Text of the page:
S. Murtaza Fazal Ali, J.
1. This appeal by the plaintiff in pursuance of certificate under Article 133 of the Constitution is directed against the judgment of Madhya Pradesh High Court dated the 11th of April, 1969 reversing the judgment and decree of the trial Court and dismissing the plaintiff's suit. It appears that certain proceeding were taken against Defendant No. 5. husband of the plain tiff, for recovery of sums due to the Government and in consequence the house in suit was attached. The plaintiff claimed release of the property on the ground that the house was her personal property and could not be attached for sums owing by her husband. The defence of the State was that the property belonged to the husband and that, therefore, attachment was valid. The trial Court accepted the plaintiff's case and decreed the suit.
2. We have gone though the judgment of the trial Court as also that of the High Court and find that the High Court had made a wrong approach to this case. In the first place, the State never pleaded that the house in question was purchased by the husband through a benami transaction in the name of his wife. It was also not pleaded clearly that the property belonged to the husband and that it had been sold to the wife with the intention to defeat the creditors of the husband. A vague allegation of this type seems to have been made in the written statement but no evidence whatsoever has been led to show as to whether there was any such intention on the part of defendant No. 5 Even the date when the sums sought to be recovered became due has not been proved or indicated to the satisfaction of the Court. The trial Court, after a very careful consideration of the evidence of the plaintiff and the documents produced by her found that she had established that the property in question belonged to her and not to defendant No. 5 In the instant case as the plaintiff relied on a registered document which was proved to have been by executed. a finding which has not been revered by the High Court, the only on the state to prove that what was apparent was not the real. No evidence on behalf of the State was adduced to displace the presumption arising from the registered sale deed in favour of the plaintiff. On the other hand. the plaintiff led evidence, oral and documentary, to show that she had sufficient means to purchase the house. In fact, the sale deed was only for Rs. 1,000/- which was a shall amount and the plaintiff had stated that she had various sources of income, namely, income from agriculture and contracts and that she owned certain movables given to her by her father's sister, Daya Bai. The High Court instead of displacing the reasons given by the trial Court has rejected the oral evidence on a general ground that there were some contradictions here and there and has also misconstrued the documents produced by the plaintiff which were in the nature of applications to the municipality for purchasing a backyard of the house in dispute and which were allowed on the footing that the honse belonged to here. These documents, which were exhibited as P2 and P4, were full considered by the trial Court but were completely overlooked by the High Court One the plaintiff proved by virtue of the registered sale deed that she was the owner of the house and also explained the source of the price paid by her for it, that was sufficient to hold tat the property belonged. The state never pleaded or proved that the property was purchased by defendant No. 5 in the name of his wife, the plaintiff. The onus to prove these facts day on the state on the face of the registered sald decdand the other evidence produced by the piaintiff.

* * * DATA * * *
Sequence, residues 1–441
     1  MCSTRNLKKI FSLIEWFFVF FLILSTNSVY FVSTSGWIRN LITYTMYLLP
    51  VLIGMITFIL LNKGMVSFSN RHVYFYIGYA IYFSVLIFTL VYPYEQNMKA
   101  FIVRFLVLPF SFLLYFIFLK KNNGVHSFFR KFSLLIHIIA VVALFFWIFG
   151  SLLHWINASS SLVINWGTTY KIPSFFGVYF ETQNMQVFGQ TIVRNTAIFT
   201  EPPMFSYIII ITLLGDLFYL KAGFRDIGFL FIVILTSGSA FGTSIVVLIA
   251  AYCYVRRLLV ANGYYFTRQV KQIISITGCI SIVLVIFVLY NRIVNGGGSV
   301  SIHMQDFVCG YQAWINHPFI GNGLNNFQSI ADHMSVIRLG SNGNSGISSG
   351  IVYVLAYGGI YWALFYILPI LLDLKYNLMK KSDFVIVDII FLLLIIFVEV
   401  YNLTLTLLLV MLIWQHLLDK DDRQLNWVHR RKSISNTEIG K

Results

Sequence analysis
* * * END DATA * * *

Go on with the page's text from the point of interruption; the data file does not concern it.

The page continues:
3. It was suggested by the state that plaintiff was really a benamidar for Defendant No. 5. Apart from the fact that there was no such plea taken by that state, no issue on this point was suggested by it before the trial Court. In order to prove the benami nature of he transaction the State could have led evidence to show (1) that defendant No. 5 paid the consideration, (2) that he had the custody of the sale deed. (3) that he was in possession of the properly and (4) the motive for the transaction None of these factors has been proved by the State. The High Court appears to have misplace the onus on the plaintiff to prove that she was the real owner of the house in question instead of finding whether or not Defendant No. 5 had any title to it. The evidence of Pws 1, 2, 3, and 6 clearly proved that the house was purchase by the plaintiff. The trial Court believed the evidence of these witnesses which was supported by the document including Exhibits P2 and P4 as also a revenue receipt The High Court made on serious attempt to examine the intrinsic merits of the testimony of these witnesses. Even if the evidence of these witnesses is excluded from consideration, the registered sale deed duly executed was sufficient to prove the title of plaintiff in respect of the house in absence of any plea of benami or evidence by the state to show that Defendant No. 5 was the real purchaser. For these reasons we find ourselves unable to agree with the decision of the High Court and hold that in dismissing the plaintiff's case, it has committed an error of Jaw. The Appeal is allowed, the judgment and decree of the High Court are set aside and the plaintiff's suit stands decreed. The appellant will be entitled to her costs throughout.